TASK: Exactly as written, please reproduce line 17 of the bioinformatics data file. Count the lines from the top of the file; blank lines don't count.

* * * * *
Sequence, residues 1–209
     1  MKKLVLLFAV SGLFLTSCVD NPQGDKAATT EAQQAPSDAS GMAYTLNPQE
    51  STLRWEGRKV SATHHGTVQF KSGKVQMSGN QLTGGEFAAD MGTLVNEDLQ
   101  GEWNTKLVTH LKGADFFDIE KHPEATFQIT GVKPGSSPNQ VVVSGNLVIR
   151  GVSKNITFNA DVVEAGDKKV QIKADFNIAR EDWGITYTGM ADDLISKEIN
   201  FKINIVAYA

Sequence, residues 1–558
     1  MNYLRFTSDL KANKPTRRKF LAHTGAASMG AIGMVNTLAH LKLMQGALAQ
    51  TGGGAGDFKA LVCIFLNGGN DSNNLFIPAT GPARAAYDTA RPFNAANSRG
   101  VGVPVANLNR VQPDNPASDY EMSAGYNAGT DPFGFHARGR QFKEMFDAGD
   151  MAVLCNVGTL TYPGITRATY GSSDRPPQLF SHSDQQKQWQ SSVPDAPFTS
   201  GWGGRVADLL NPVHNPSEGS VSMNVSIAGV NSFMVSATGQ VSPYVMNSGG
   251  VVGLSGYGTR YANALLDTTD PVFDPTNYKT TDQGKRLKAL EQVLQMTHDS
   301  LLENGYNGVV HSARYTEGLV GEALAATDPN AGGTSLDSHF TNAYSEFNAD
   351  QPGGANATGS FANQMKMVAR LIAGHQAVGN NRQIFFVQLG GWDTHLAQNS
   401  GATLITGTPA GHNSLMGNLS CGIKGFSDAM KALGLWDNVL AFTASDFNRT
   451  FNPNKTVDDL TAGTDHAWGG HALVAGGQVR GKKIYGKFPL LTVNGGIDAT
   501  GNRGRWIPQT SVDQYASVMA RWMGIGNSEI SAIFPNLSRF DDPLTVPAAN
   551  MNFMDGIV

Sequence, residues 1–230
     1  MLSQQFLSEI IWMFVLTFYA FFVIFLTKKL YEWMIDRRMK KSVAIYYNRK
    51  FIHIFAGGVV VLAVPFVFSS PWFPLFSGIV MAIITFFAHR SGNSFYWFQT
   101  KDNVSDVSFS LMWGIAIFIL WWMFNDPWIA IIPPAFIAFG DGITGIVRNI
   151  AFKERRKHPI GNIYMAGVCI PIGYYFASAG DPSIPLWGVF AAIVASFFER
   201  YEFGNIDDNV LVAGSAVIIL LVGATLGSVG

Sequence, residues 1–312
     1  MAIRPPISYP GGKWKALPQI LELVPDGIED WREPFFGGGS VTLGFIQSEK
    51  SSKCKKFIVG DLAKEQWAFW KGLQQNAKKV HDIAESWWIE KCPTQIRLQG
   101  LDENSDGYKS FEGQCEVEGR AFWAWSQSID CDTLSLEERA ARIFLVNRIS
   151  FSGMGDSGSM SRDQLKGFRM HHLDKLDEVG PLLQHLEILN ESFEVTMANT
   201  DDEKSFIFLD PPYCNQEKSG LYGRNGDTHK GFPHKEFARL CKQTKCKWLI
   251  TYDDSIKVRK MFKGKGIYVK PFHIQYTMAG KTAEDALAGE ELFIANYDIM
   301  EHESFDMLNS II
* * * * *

   451  FNPNKTVDDL TAGTDHAWGG HALVAGGQVR GKKIYGKFPL LTVNGGIDAT